What is a Qualifying Child?
In the United States, the term qualifying child is often used when discussing taxes. Usually, it is used to indicate that a child is a dependent of a particular taxpayer. Sometimes, however, it is used to describe a person who has reached adulthood but is a full-time student or disabled. Once dependency is established, a person may take certain tax credits and deductions for his qualifying children. This term may be used by taxing agencies in other countries as well.
The term qualifying child is often used when United States taxpayers complete and file their annual income tax returns. The Internal Revenue Service has strict rules regarding who is considered a qualifying child. These rules help determine whether a taxpayer can claim another person as his dependent and take certain tax credits for him. To fit this designation, the person must meet relationship, age, residence, and support criteria.
In determining whether a person is a qualifying child, an adult typically considers his relationship with the person in question. If the person is the taxpayer’s son, daughter, stepchild, sibling, or grandchild, he may meet the criteria. Adopted children and foster children are also considered qualifying children, as long as other conditions are met.
A person's age also has a good deal to do with whether or not he is considered a qualifying child. In the United States, the person must be younger than the age of 19, with a couple of exceptions. If the person is younger than 24 years old and in school full time, he may be considered a qualifying child. On the other hand, a person may meet the criteria at any age if he is permanently disabled. Other countries may have similar age requirements or consider only minors as qualifying children.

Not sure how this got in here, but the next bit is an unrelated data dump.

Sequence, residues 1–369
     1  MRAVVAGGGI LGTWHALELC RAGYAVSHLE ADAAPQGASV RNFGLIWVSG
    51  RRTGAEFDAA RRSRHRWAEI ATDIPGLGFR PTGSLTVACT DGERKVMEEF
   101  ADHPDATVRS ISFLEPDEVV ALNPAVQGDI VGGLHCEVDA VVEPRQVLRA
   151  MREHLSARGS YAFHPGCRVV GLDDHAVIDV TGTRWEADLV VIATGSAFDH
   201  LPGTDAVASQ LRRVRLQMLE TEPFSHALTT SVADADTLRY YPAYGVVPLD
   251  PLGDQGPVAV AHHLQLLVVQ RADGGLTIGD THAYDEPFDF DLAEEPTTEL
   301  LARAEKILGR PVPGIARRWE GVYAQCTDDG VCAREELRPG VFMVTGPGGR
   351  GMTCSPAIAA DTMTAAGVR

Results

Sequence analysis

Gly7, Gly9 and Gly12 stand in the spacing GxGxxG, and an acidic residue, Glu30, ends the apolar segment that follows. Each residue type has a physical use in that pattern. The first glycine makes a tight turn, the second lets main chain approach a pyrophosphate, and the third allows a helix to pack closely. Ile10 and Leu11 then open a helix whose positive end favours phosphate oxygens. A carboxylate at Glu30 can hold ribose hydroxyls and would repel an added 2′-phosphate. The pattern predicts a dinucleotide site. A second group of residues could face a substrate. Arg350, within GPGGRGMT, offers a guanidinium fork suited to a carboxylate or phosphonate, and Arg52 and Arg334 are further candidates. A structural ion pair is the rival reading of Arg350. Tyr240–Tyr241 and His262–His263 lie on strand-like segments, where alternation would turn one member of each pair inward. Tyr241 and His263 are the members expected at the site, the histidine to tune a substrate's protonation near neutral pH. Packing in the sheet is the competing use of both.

Where a person lives is considered in using the qualifying child title as well. In the United States, the person must live with the taxpayer for at least six months out of the year. Other countries may have similar rules or require the child to live with the taxpayer for the entire year.
A taxpayer must also consider support when determining whether the criteria has been met. This can be tricky with college students who may contribute to their own support. In general, a qualifying child does not pay for more than half of his own support.
Besides tax-related topics, the term qualifying child may be applied to other situations as well. In both the United States and the United Kingdom, for example, it may be used in benefit documentation and applications. In some countries, it is also used on applications for welfare benefits.
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